A revocable living trust avoids the Court supervised probate procedures because your property is owned by a trust. Your estate planning attorney will draft all of your testamentary desires into your trust agreement. The person you select to be your “successor trustee” gains control of your assets immediately following your death and distributes them in accordance with your stated instructions. There is one additional, critical difference between a Will and a revocable living trust: A Will does not have any legal effect until following the time of your death, and is therefore no help to you to facilitate your lifetime planning. Conversely, because a revocable living trust comes into existence the moment it is created, it will serve to assist you in the preservation and protection of your assets during your lifetime and it will also serve to protect you personally in the event you become physically or mentally disabled or incapacitated during your own lifetime.

  4. Is It Time to Create a Revocable Living Trust to Replace Your Existing Will? Increasingly, people are learning that the creation of a “revocable living trust” is an estate planning alternative which is far more suitable to meet their personal desires than a traditional “Last Will and Testament.” While more detailed explanations defining what a revocable living trust is and how it compares to a traditional will appear on this website, suffice it to say that a revocable living trust may be a more efficient means of transferring your assets following the event of your death, in terms of cost, time, privacy, and comfort for your selected executor, family members, and other beneficiaries.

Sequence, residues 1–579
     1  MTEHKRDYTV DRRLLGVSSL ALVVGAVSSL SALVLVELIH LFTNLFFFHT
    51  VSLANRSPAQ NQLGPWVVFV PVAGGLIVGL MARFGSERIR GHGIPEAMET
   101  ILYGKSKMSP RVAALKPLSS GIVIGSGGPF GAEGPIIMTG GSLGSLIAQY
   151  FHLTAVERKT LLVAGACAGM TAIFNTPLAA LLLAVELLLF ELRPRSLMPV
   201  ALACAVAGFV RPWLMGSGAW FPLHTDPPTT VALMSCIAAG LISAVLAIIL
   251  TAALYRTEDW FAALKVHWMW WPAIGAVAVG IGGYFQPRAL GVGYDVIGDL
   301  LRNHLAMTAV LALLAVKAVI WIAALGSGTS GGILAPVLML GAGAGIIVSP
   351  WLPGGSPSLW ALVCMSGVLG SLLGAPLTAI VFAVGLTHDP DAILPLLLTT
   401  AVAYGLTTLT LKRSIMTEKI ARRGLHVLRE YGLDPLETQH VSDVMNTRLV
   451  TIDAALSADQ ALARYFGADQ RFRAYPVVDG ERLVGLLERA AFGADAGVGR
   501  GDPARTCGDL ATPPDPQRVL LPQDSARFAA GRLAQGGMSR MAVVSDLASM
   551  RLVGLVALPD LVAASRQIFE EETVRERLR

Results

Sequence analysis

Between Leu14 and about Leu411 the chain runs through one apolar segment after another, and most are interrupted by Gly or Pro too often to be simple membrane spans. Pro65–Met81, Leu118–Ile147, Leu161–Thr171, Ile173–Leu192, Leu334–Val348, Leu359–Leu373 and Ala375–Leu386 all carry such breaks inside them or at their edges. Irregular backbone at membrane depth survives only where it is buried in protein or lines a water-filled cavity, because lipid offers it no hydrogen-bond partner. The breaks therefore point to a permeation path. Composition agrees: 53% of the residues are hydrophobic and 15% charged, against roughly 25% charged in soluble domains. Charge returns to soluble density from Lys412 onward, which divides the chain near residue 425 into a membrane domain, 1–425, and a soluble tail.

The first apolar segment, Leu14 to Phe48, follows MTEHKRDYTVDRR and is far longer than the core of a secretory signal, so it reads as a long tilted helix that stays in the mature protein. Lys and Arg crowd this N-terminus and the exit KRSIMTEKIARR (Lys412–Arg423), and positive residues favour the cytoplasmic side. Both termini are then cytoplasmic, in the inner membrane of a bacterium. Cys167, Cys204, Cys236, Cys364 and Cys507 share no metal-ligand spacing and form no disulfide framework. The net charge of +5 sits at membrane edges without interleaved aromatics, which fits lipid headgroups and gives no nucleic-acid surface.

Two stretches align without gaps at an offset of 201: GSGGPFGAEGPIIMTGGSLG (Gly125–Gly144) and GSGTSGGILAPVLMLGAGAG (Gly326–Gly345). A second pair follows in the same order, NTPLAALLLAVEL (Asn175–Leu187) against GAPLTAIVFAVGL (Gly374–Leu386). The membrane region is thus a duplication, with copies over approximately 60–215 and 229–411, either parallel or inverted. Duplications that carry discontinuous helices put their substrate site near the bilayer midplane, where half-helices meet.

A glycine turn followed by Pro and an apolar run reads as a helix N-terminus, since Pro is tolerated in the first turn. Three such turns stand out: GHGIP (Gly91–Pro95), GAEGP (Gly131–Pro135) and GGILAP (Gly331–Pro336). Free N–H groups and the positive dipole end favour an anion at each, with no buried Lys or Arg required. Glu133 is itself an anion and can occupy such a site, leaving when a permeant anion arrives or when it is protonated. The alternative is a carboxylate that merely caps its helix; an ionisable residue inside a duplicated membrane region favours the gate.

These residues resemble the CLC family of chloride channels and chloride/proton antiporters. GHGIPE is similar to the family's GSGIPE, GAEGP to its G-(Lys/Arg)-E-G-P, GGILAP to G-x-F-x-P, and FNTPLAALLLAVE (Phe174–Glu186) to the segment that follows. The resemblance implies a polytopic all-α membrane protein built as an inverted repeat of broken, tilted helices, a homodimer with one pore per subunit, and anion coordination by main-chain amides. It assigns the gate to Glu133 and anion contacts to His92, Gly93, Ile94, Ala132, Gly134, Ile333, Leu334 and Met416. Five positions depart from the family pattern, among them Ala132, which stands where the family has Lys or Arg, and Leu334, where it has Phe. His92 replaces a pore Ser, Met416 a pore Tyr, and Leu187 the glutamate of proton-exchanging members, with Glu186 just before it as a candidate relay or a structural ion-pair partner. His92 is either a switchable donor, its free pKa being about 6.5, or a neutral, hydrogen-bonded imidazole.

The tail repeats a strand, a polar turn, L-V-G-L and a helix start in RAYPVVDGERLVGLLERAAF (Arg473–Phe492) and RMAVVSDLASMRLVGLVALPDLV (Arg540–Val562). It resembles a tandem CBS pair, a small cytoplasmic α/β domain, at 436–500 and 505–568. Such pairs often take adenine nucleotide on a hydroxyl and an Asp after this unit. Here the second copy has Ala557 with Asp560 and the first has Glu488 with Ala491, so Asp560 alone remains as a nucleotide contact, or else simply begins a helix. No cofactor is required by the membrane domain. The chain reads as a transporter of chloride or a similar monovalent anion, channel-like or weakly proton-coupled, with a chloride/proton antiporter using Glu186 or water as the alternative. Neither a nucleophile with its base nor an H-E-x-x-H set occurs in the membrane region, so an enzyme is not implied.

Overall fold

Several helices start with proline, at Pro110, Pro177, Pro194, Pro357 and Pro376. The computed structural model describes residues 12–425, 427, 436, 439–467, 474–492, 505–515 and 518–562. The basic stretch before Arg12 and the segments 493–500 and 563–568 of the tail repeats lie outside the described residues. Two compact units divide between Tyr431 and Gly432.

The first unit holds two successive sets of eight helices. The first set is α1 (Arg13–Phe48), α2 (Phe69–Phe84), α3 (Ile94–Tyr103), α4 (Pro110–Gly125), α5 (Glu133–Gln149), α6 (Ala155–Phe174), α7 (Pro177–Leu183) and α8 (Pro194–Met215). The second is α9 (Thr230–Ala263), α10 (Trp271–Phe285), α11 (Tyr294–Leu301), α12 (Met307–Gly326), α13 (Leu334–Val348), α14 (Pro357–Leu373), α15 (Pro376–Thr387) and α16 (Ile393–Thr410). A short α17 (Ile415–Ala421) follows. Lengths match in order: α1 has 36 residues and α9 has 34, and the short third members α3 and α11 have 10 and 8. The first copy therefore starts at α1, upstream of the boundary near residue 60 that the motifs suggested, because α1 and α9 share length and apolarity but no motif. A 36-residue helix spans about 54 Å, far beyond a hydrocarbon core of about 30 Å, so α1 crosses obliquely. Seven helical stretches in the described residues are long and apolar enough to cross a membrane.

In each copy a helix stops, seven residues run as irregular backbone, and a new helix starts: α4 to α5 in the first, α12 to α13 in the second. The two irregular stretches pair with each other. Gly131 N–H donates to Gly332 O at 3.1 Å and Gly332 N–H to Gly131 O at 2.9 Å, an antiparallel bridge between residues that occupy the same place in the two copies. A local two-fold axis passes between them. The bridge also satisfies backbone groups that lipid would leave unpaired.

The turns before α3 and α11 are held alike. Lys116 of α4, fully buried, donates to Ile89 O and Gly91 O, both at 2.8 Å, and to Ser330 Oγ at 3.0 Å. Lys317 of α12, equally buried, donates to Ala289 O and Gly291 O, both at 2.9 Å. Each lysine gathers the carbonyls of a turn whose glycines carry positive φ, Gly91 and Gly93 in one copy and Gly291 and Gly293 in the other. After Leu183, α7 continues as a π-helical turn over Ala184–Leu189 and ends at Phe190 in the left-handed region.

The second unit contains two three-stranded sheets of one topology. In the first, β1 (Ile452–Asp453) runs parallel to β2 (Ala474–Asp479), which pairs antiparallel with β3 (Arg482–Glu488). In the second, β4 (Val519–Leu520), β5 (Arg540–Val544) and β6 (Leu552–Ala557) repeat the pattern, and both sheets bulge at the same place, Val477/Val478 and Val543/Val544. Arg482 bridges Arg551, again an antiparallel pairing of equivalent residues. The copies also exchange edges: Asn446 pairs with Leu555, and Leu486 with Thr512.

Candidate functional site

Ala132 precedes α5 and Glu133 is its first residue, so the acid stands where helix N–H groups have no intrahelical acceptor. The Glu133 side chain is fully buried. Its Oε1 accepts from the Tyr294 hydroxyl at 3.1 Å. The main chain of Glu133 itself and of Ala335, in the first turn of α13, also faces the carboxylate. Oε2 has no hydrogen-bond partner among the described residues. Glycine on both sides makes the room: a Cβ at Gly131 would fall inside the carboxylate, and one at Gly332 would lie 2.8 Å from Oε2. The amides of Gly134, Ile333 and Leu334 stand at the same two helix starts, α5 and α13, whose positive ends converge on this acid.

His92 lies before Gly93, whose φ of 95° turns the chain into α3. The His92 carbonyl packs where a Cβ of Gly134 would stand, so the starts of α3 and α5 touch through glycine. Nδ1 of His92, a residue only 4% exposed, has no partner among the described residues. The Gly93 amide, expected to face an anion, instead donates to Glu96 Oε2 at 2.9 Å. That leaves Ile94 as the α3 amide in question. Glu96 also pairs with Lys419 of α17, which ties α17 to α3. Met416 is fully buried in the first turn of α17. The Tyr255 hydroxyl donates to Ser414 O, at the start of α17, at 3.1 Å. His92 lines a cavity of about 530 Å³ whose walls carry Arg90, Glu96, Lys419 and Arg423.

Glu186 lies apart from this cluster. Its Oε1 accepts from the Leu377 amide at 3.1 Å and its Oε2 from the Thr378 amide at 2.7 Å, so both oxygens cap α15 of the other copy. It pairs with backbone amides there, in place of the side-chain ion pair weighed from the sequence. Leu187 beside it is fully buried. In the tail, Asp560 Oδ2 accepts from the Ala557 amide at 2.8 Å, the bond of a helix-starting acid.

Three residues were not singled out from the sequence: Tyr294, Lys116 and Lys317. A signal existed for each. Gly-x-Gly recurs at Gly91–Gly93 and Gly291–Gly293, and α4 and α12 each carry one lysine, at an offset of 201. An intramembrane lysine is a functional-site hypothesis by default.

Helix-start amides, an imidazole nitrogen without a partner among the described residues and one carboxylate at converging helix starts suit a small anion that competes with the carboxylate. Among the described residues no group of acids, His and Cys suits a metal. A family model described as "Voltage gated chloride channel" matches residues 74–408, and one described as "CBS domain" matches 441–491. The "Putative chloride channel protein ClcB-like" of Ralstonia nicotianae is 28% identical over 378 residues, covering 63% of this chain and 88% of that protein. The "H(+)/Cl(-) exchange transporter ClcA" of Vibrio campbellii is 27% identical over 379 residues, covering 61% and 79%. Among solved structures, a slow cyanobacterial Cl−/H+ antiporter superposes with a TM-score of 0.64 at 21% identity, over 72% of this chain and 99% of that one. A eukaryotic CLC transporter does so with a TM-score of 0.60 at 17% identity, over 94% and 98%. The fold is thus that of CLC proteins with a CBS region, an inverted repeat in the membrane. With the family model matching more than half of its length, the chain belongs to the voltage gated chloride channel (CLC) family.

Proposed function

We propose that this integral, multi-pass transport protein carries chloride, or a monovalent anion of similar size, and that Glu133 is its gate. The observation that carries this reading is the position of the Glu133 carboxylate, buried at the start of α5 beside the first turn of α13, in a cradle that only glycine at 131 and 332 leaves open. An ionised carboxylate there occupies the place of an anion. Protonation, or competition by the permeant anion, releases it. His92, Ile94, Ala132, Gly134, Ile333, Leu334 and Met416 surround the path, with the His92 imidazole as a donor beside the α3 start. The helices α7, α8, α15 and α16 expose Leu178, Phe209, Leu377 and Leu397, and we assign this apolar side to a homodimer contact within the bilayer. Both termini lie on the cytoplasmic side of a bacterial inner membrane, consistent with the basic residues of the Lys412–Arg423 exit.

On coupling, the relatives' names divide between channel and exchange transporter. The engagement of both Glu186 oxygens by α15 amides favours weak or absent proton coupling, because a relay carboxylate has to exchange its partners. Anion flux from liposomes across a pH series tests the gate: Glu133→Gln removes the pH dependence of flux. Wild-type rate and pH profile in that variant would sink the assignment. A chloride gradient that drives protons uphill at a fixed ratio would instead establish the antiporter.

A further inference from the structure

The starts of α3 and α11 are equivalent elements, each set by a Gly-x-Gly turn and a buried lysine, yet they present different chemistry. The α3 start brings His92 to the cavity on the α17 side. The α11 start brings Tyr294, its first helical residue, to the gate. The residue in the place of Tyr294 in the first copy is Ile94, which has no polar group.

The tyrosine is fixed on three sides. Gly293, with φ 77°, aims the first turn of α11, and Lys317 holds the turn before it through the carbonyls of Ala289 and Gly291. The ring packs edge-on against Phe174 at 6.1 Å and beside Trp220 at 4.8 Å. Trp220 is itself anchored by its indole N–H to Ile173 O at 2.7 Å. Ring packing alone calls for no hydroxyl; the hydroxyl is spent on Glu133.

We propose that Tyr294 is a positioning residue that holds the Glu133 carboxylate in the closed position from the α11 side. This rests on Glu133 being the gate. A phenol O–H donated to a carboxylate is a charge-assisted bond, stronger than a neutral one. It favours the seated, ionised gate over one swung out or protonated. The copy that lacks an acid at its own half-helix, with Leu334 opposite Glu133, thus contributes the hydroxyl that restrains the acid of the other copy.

5. If I Create a Revocable Living Trust, Can I Be My Own Trustee? What Happens if I Become Incapacitated? Yes, you may act as the trustee of your own trust. In fact, people who create most revocable living trusts act as their own trustees. If you are married, you and your spouse may act as co-trustees. You will have complete and absolute control over all of your assets, to the same extent you have always asserted control over them. In the unfortunate event that you experience a mentally disabling condition, your hand-picked successor trustee can assume control over your affairs without the need for an expensive, Court supervised conservatorship proceeding.

    Absent an effective estate plan which takes into consideration the possibility that you may at some point become incapacitated, you and your assets will become subjected to a formal, Court supervised guardianship and conservatorship proceeding. The Court will appoint someone to take control of such things as your physical well being, your place of residence and level of care provided, your assets, and your other personal and financial affairs. As with a formal probate proceeding, the process is often expensive, time-consuming, and all a matter of public record. Conversely, a well-crafted estate plan will take the potential for a future incapacity into account, will enable you to select who will make decisions for you at every level, and importantly, will enable your family members to be near you when you need it most, rather than needing to meet with attorneys and appear in Court.